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Vaginal delivery versus caesarean section in preterm breech delivery: a systematic review.

Eur J Obstet Gynecol Reprod Biol. 2014 Jan;172:1-6. doi: 10.1016/j.ejogrb.2013.10.017. Epub 2013 Oct 16.

Bergenhenegouwen LA1, Meertens LJ2, Schaaf J3, Nijhuis JG4, Mol BW5, Kok M5, Scheepers HC4.
Author information 1Department of Obstetrics and Gynaecology, Ziekenhuis Groep Twente, Zilvermeeuw 1, 7609 PP Almelo, The Netherlands. Electronic address: University, P. Debeyelaan 25, 6229 HX Maastricht, The Netherlands.3Department of Medical Informatics, Amsterdam Medical Centre, Postbox 22770, 1100 DE Amsterdam, The Netherlands.4Department of Obstetrics & Gynaecology, Maastricht University Medical Centre, GROW School for Oncology and Developmental Biology, P. Debeyelaan 25, 6229 HX Maastricht, The Netherlands.5Department of Obstetrics and Gynaecology, Amsterdam Medical Centre, Postbox 22770, 1100 DE Amsterdam, The Netherlands.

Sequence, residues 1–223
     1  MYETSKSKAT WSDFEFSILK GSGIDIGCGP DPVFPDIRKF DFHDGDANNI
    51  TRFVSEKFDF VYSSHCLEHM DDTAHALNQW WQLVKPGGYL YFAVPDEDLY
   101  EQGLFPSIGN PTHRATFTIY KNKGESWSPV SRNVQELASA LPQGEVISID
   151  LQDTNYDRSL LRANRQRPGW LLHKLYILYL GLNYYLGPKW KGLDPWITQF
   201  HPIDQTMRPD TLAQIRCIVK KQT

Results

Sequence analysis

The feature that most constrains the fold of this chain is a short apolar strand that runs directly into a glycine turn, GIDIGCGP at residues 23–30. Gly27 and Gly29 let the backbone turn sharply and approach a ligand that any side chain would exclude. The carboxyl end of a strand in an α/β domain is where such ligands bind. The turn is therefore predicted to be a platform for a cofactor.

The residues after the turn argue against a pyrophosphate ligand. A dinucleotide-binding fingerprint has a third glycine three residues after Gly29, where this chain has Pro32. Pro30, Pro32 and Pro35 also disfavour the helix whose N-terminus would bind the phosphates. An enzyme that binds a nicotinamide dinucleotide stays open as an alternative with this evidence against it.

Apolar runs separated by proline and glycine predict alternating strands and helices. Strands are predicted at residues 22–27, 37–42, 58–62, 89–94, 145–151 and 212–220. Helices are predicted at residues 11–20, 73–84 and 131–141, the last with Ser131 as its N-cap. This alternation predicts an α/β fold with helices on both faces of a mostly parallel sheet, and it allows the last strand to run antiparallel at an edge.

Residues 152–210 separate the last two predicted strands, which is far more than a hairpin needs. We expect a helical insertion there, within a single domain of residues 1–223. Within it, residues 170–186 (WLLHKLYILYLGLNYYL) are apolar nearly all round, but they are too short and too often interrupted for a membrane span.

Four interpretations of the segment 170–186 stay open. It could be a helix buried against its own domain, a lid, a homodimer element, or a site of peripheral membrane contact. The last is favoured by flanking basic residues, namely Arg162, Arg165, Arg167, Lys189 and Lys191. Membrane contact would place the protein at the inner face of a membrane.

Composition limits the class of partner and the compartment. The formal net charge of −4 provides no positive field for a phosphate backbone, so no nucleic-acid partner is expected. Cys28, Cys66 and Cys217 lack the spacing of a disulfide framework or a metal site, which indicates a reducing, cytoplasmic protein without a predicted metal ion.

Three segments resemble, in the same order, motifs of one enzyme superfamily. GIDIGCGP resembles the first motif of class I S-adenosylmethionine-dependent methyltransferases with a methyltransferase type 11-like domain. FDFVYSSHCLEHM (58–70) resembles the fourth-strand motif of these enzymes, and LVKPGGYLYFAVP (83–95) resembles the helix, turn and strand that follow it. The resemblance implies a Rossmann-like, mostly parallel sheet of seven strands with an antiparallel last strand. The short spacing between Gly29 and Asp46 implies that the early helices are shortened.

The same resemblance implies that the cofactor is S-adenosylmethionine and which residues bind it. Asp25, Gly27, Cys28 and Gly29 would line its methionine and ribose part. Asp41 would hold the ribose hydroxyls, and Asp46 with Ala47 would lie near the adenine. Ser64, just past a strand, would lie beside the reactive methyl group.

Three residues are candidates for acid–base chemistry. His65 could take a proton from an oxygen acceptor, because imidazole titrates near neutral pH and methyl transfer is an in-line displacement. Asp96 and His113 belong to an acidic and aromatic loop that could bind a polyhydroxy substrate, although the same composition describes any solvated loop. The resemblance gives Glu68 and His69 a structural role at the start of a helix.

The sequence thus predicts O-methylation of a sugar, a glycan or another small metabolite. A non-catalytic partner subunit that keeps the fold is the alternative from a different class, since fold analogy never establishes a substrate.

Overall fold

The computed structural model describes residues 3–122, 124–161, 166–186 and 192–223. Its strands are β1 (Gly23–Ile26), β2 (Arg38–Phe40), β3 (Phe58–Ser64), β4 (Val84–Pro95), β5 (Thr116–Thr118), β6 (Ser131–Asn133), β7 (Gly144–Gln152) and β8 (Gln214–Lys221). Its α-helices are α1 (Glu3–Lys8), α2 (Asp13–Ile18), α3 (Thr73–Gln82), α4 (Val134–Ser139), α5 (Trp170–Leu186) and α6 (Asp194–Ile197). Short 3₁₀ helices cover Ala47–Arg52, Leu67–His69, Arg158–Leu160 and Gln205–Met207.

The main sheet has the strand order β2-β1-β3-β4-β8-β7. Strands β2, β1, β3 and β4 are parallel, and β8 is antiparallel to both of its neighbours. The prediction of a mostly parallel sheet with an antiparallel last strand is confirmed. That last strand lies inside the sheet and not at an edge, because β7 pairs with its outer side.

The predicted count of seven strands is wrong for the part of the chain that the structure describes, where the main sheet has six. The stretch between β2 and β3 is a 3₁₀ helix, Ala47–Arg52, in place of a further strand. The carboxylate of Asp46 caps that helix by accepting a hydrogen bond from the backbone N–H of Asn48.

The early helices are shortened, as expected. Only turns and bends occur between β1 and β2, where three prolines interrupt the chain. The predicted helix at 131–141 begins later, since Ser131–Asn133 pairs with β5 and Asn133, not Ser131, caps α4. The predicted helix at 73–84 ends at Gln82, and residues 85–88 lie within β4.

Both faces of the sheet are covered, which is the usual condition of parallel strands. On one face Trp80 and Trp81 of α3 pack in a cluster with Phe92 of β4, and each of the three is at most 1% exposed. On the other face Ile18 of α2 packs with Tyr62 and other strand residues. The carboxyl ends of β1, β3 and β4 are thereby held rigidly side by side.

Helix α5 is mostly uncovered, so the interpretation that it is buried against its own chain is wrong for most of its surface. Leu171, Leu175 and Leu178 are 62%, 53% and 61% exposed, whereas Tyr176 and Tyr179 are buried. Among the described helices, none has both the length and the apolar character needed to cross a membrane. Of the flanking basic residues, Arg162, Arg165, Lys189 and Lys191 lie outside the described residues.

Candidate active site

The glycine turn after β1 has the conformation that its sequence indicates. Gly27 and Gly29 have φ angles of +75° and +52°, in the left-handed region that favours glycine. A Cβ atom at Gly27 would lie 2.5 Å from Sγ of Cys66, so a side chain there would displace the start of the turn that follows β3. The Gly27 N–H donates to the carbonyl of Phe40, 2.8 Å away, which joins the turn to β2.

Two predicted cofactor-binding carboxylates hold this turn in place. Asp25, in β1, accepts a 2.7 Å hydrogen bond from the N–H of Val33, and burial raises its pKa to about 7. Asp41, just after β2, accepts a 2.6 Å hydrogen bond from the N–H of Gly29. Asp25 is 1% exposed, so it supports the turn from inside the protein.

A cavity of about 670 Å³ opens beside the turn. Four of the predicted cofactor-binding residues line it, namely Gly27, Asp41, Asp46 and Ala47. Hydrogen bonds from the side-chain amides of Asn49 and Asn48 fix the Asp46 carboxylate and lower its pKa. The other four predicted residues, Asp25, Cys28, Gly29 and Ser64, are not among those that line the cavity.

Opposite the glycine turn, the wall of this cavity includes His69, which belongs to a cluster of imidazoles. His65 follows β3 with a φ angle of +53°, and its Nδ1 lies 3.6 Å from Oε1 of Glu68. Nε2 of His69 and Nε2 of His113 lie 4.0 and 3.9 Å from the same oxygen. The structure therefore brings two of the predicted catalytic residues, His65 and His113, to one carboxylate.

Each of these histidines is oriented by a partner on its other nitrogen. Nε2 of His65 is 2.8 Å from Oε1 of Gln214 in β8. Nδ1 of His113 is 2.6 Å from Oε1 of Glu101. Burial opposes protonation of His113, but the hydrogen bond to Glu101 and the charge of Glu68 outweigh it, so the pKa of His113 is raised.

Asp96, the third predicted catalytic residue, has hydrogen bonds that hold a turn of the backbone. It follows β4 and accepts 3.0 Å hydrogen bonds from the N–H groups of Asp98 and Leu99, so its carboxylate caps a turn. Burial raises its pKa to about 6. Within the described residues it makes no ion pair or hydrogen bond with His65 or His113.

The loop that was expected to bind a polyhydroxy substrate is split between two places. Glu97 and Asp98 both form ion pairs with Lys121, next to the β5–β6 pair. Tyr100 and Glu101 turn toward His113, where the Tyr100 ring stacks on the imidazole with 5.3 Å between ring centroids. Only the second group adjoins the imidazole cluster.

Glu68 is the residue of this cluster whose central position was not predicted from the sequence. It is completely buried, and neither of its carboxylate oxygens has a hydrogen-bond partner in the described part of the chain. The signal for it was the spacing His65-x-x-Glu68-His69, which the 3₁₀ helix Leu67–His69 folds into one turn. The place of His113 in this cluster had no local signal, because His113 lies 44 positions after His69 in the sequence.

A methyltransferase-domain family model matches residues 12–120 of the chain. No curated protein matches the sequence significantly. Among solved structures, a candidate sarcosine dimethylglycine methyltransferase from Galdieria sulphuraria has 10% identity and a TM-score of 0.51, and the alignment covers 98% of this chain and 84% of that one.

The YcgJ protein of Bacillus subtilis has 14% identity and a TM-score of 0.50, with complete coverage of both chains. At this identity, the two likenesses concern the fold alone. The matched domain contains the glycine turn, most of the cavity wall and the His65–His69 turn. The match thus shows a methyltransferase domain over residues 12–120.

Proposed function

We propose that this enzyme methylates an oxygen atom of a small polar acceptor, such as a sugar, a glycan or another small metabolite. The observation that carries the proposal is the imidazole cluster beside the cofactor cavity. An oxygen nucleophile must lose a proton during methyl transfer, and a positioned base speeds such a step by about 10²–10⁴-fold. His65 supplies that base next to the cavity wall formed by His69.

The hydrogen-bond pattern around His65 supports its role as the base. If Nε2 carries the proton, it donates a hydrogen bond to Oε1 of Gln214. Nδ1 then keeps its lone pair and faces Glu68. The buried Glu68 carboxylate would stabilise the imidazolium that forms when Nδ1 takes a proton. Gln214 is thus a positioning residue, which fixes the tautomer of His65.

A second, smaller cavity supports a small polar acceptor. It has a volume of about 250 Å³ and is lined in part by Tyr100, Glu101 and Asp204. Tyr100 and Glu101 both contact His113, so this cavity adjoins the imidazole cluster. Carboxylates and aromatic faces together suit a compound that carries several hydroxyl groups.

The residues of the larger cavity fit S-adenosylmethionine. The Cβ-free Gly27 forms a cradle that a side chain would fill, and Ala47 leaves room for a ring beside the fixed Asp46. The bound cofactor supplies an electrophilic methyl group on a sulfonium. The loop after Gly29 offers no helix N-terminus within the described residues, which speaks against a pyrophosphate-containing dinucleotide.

Eur J Obstet Gynecol Reprod Biol
There is controversy on the preferred mode of delivery (vaginal delivery (VD) versus caesarean section (CS)) in preterm breech delivery in relation to neonatal outcome. While CS is supposed to be safer for the fetus, arguments against CS can be the increased risk of maternal morbidity, risks for future pregnancies, and costs. Moreover, neonatal respiratory distress syndrome occurs more frequently after CS compared to VD. In the past, several RCTs have been started on this subject, but they were all preliminary and stopped due to recruitment difficulties. As the Cochrane review of these RCT’s reported on 116 women only, knowledge on the effectiveness of CS and VD can at present only be obtained from non-randomized studies. We performed a systematic review and meta-analysis of non-randomized studies that assessed the association between mode of delivery and neonatal mortality in women with preterm breech presentation. We searched Pubmed, Embase and the Cochrane library for articles comparing neonatal mortality after VD versus CS in preterm breech presentation (gestational age 25(+0) till 36(+6) weeks). Seven studies, involving a total of 3557 women, met the eligibility criteria and were included in this systematic review. The weighted risk of neonatal mortality was 3.8% in the CS group and 11.5% in the VD group (pooled RR 0.63 (95% CI 0.48-0.81)). We conclude that cohort studies indicate that CS reduces neonatal mortality as compared to VD. Copyright © 2013 Elsevier Ireland Ltd. All rights reserved.
Full Text Source: Elsevier Science
PMID:24199680 |

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